Agronomic and physiological responses of wheat grown in split-column under elevated CO2

Shihab Uddin1 2, Markus Löw1, Shahnaj Parvin2 3, Glenn Fitzgerald1 4, Sabine Tausz-Posch1, Roger Armstrong4, Garry O’Leary4, Michael Tausz3

1Faculty of Veterinary and Agricultural Sciences, The University of Melbourne, 4 Water Street, Creswick, VIC-3363, Australia. Email:shihab.uddin@unimelb.edu.au.

2Department of Agronomy, Bangladesh Agricultural University, Mymensingh-2202, Bangladesh.

3School of Ecosystem and Forest Sciences, The University of Melbourne, 4 Water Street, Creswick, VIC-3363 Australia.

4Department of Economic Development, Jobs, Transport and Resources, Private Bag 260, Horsham, VIC-3401, Australia.

Abstract

Increasing atmospheric CO2 concentration ([CO2]) has profound effects on plant growth, yield and water use. Elevated atmospheric [CO2] (e[CO2]) increases above- and below ground biomass production of wheat. The increased root growth under e[CO2] may allow the extraction of subsoil water, which is especially important in hot and dry Mediterranean conditions when the top soil dries off quickly. A glasshouse experiment was conducted with hydraulically separated top and bottom layered soil column to investigate the effect of soil drying at different depths on growth and gas exchange of wheat under e[CO2]. Drought stress was induced either in the top or the bottom soil layer or both by withholding 33% of the irrigation. Drought treatments started at stem elongation. At the flowering growth stage, net photosynthetic assimilation rate (Anet) stomatal conductance (gs), as well as above- and below ground biomass were measured.

In our study, Anet was higher and gs was lower under e[CO2] than a[CO2], which resulted in greater intrinsic water use efficiency (iWUE). Above- and below ground biomass production of wheat under e[CO2] were higher compared to a[CO2]. Under e[CO2], wheat produced more biomass than under a[CO2] well-watered conditions even if either the top or bottom layer were subjected to drought treatment. In the DW treatment (D = drought, W = well-watered, where the first letter denotes the top layer and second letter denotes the bottom layer) vigorous root growth under e[CO2] increased the accessibility to the moisture in the bottom layer and resulted in gs similar to that of the WD. In addition, the reduction of above ground biomass in DW treatment was lower compared to DD conditions under e[CO2]. Therefore higher below ground production of wheat under e[CO2] could be able to ameliorate the potential effect of drought by improving accessibility of sub-soil water.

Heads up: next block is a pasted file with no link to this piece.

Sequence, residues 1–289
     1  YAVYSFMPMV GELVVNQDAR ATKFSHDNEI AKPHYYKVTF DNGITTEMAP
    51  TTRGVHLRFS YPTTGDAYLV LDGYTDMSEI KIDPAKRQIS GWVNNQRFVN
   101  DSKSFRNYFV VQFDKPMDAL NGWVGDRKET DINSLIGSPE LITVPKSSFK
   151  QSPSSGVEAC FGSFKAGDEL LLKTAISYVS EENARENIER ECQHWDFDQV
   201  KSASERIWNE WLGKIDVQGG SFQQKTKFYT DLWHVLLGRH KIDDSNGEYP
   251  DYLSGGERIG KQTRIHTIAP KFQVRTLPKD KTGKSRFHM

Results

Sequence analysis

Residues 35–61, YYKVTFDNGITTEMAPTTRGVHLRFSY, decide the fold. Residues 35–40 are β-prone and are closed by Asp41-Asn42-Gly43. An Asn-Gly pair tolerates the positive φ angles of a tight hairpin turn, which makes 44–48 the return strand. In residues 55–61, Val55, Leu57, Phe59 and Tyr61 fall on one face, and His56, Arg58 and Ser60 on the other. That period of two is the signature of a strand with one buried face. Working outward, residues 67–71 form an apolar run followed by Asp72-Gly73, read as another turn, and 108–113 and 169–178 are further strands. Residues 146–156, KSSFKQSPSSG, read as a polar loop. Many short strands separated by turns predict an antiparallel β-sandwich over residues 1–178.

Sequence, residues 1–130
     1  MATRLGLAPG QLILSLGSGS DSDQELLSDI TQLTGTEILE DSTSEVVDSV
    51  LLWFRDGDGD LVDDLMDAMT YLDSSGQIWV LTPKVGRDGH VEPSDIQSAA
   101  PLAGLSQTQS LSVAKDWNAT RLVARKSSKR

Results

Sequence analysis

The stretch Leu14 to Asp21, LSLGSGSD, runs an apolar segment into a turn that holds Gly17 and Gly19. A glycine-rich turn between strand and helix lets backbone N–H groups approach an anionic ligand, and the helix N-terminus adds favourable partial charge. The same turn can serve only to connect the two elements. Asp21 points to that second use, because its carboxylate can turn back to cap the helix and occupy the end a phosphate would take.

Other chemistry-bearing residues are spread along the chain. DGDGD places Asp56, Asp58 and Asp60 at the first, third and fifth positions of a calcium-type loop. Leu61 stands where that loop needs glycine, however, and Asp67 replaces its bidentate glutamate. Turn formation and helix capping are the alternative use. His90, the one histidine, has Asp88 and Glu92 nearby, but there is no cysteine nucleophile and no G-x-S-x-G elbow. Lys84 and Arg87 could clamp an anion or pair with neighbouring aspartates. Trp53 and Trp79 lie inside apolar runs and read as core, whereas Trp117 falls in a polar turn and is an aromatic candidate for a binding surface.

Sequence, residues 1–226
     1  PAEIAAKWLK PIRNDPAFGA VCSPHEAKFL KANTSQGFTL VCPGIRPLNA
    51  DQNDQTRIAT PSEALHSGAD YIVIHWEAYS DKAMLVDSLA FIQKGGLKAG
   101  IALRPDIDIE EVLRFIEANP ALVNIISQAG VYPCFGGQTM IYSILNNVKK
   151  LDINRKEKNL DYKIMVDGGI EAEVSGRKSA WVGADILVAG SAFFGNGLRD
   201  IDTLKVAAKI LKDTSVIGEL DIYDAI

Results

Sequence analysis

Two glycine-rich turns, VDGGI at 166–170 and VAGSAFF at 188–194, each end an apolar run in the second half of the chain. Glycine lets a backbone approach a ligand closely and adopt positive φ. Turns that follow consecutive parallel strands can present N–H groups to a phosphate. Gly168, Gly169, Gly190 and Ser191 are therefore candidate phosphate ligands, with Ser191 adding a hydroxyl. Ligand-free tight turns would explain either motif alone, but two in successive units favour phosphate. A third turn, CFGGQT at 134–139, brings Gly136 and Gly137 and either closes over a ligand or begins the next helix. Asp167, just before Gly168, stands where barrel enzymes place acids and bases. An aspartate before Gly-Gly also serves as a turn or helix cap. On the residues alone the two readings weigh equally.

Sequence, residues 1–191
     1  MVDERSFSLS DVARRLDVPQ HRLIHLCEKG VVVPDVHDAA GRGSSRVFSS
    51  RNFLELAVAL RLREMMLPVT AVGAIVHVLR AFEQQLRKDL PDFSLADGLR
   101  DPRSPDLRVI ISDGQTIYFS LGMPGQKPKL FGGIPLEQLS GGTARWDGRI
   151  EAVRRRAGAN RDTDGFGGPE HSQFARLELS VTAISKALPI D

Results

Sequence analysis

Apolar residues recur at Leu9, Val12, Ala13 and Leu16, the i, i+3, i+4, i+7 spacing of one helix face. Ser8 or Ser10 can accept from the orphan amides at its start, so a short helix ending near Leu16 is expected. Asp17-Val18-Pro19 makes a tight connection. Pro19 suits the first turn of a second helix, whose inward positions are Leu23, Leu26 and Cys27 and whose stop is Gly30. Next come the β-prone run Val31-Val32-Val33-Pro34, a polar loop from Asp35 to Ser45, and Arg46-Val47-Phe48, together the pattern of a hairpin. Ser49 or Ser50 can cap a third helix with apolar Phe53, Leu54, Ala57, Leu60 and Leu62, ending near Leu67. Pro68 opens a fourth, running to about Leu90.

Host

The Australian Society of Agronomy is the professional body for agronomists in Australia. It has approximately 500 active members drawn from government, universities, research organisations and the private sector.

Photo Credits

David Marland Photography david_marland@hotmail.com Southern Farming Systems Agriculture Victoria

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